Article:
What Does “Proper English” Mean?
And who made all these proper English rules?
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The Rules of the Game
At first standards were largely—though not exclusively—determined by the language of the royal clerks. The rise of the printing press also played a key role in standardizing language, particularly with regard to spelling. For instance, we have foreign compositors and typefaces to thank for the use of “gh” instead of “g” in certain words (such as “ghost”).
Soon enough, though, the subject of language standardization was taken up by dictionary writers, grammarians, and even general linguistic busybodies.
The Influence of Scholars
Many of the early English dictionaries and grammars ostensibly sought to describe prevailing usage—they were not meant to be prescriptive. But, of course, the selection of any one variety as a representative form is, in and of itself, a kind of prescription.
These early and influential dictionaries and grammars relied on a variety of criteria to determine their recommended words and rules. In his landmark Dictionary of the English Language, Samuel Johnson—a man who famously remarked that “the chief glory of a nation arises from its authors”—leaned heavily on citations from widely respected authors, a trend that continues to this day. Grammarians had their own guiding principles, often calling on logic (decrying double negatives and superlatives) or etymology (railing against the substitution of “nauseous” for “nauseated”).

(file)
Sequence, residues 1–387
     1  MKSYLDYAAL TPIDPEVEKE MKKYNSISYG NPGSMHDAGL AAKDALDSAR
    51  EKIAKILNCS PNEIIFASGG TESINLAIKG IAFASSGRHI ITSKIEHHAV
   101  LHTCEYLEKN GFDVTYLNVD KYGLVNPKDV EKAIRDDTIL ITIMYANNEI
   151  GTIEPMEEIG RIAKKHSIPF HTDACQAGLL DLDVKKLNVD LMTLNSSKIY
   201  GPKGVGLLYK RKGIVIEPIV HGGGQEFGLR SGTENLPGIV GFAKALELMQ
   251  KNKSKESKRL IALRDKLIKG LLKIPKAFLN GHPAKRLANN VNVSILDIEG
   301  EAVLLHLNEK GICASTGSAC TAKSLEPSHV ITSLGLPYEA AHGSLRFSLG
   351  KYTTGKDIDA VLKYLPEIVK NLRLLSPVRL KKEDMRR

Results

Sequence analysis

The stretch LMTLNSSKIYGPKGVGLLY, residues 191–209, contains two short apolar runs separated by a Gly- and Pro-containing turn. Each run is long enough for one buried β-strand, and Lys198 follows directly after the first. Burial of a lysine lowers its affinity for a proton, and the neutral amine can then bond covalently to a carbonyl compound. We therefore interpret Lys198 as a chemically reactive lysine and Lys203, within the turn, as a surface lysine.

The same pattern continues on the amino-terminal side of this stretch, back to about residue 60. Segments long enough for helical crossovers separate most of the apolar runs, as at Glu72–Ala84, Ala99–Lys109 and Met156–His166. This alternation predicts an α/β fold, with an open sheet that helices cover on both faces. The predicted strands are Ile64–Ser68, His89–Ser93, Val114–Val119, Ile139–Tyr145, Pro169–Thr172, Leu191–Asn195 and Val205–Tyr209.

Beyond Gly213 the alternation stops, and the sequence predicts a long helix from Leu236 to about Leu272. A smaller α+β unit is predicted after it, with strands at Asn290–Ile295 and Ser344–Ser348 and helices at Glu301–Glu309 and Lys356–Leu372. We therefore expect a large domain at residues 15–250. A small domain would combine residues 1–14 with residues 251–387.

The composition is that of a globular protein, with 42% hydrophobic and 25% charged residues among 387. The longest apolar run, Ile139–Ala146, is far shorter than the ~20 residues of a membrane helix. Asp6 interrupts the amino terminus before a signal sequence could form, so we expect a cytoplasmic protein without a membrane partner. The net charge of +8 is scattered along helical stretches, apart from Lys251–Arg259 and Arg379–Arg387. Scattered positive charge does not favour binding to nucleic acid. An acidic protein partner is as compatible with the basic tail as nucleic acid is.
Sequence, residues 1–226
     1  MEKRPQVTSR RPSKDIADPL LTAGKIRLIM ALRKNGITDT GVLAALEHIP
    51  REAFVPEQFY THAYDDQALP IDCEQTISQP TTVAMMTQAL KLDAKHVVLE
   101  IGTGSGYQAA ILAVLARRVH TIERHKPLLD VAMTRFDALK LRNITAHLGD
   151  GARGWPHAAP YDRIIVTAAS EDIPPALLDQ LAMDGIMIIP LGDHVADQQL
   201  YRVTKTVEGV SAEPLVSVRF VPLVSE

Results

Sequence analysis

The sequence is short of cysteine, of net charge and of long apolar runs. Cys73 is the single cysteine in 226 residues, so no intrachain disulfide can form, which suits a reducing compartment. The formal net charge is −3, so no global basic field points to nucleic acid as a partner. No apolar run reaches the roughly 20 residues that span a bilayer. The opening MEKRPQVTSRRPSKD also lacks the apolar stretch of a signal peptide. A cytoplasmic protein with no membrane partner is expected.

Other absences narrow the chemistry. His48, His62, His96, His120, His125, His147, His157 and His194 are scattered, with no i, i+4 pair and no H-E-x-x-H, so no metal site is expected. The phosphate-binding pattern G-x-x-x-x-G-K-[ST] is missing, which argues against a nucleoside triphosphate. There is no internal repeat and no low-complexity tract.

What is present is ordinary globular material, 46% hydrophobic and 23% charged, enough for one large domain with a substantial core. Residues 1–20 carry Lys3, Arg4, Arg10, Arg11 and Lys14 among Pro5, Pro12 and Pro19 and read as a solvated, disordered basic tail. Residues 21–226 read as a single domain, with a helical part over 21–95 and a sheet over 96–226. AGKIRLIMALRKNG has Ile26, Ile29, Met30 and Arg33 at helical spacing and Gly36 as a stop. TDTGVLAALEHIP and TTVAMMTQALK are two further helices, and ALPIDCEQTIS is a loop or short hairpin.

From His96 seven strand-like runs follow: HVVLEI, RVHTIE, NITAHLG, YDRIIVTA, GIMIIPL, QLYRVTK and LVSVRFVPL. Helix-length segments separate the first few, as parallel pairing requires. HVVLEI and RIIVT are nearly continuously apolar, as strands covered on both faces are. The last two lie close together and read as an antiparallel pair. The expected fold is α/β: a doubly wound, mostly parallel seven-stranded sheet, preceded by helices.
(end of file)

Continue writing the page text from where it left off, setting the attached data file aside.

Others rationales were more subjective. Some writers, for instance, believed that it was better to use one-syllable words whenever possible because they were closer to the language of Adam and Eve. And then there were those who felt so strongly about the linguistic virtues of Latin and Greek that they could come to believe, as John Dryden famously did, that a preposition at the end of a sentence is something to be strenuously avoided. (Read the article about ending a sentence with a preposition.)
No matter how persuasive the scholarship, the facts remain the same: the variety that would become Standard English was based on the varieties of the political, economic, and intellectual elite—not because they were necessarily better, but because they were the ones who got to decide.
The Authority of Salesmen
This is when things start to get a bit tricky.
The literary market in the 17th and 18th centuries was not so different from our own. There wasn’t much demand for linguistic observation—what readers wanted was linguistic guidance. And again and again, scholars and linguists from Johnson to Webster to Henry Higgins did their best to fill this need. Even Robert Cawdrey’s 1604 Table Alphabeticall, the earliest English dictionary, makes explicit on its title page that it has been “gathered for the benefit & helpe of Ladies, Gentlewomen, or any other unskilfull persons. Whereby they may the more easilie and better understand many hard English words.”
But as social mobility increased, the standards of the written language exerted more and more influence on the spoken language, which was looked to as a measure of refinement and “politeness.” Soon the demand for linguistic instruction outstripped the scholarly supply, and readers began to snap up handbooks and how-tos whose advice was justified not by years of study—or any study at all, for that matter—but rather by the ruthlessly efficient principle of “you should.”
Or, more accurately, “you shouldn’t.”
So it was that non-standard language became a nuisance to be dealt with (like troublesome household vemin, as in the 1878 volume Enquire Within upon Everything) or a bad habit to be frowned upon (like breathing through your mouth, as in 1888’s Don’t: A Little Book dealing Frankly with Mistakes & Improprieties more or less Common to All).
And when you teach that there is only one way to be right, it’s only natural to conclude that every other way is wrong. We can see next how that plays into stereotypes.